The Courtesy Car project is a winnerInformation gathered at Automotive diagnostics training seminars and through word-of-mouth within industry has led several vehicle service providers to join the Courtesy Car project, buy an EV, and upskill: “The idea behind it was for it to be used as a workshop loan vehicle to give more people a chance to drive an EV & also for us to learn how to service, maintain & repair them”. The project was part funded by the government’s Low Emission Vehicle Contestable Fund (https://www.eeca.govt.nz/funding-and-support/low-emission-vehicles-contestable-fund/). It’s good to see the subsidy helping to solve the gap in service and EV support, a concern highlighted by many of you in prior surveys.
Multiple information sources helpA large number of comments show that many purchasers consulta wider range of information sources and work systematically through them to make a considered choice – clearly purchase of an expensive and hugely important thing like a car requires considerable homework and is quite a tense process. We think these comments highlight some of the values shared amongst the EV community – letting desire build, weighing up options, waiting until the time is right, making informed decisions, trusting the opinions of good people, yet always needing to discover for oneself (hello test drive!). “We had always been keen on an electric car but thought they were more expensive. A visit to the dealer who specialises in them made us think more about it and he gave us some info to read. Our son in law also had some articles he had read in the ReNew magazine. It all stacked up so we went for a test drive – all we needed to convince us. We are LOVING it!!!!”. A mixture of information for the realist, experience, and knowing there will be ongoing support are all valuable support for EV adoption.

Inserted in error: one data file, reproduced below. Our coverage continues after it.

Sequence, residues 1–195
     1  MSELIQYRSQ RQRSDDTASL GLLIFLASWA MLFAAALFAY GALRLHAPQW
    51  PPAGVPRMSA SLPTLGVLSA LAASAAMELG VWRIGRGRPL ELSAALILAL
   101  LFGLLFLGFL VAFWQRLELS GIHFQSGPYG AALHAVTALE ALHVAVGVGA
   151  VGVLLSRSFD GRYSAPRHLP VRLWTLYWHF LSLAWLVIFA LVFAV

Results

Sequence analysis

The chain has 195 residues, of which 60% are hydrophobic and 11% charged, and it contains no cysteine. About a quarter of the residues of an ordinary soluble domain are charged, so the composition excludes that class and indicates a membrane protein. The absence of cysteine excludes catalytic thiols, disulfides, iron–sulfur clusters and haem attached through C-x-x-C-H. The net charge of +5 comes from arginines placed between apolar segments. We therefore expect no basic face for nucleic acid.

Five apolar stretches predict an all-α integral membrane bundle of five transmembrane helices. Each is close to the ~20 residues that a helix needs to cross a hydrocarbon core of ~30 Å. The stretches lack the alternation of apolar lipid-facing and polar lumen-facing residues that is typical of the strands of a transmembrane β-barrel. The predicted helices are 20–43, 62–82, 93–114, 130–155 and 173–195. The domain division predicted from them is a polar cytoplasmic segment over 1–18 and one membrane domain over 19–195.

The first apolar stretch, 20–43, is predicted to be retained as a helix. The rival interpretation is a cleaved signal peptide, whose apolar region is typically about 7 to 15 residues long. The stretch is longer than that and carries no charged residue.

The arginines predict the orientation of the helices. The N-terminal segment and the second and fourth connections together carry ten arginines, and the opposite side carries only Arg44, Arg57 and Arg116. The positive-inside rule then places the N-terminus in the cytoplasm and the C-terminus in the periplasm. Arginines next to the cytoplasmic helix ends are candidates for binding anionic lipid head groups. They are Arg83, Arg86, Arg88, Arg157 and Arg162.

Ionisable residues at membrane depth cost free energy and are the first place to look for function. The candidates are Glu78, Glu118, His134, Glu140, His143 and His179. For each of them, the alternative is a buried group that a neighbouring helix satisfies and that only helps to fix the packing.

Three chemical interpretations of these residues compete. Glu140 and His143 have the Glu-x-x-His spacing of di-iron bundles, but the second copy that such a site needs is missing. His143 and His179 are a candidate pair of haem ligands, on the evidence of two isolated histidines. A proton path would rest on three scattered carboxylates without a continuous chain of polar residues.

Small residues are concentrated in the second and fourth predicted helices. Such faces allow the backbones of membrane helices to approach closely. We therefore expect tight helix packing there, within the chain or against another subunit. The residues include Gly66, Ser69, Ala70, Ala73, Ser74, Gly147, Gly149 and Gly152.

It’s not just a need for information on the EVs – other considerations must fitThroughout your comments, it was made clear that accessing detailed and trusted information is only part of the decision – several other external criteria must match the purchasers needs and constraints before the EV dream could be realised. Purchase price dropping considerably, fuel prices rising, ability to afford a second car, the need to upgrade an existing car, and building enough confidence in the charging network all factored in to the purchasing decision. Recent completion of a certificate in renewable tech from SIT gave one buyer the confidence that they could handle any maintenance needs. Sometimes the EV information is melded with more general sustainability information sources, so the option to switch to electric comes entirely from sources that are not specifically about cars.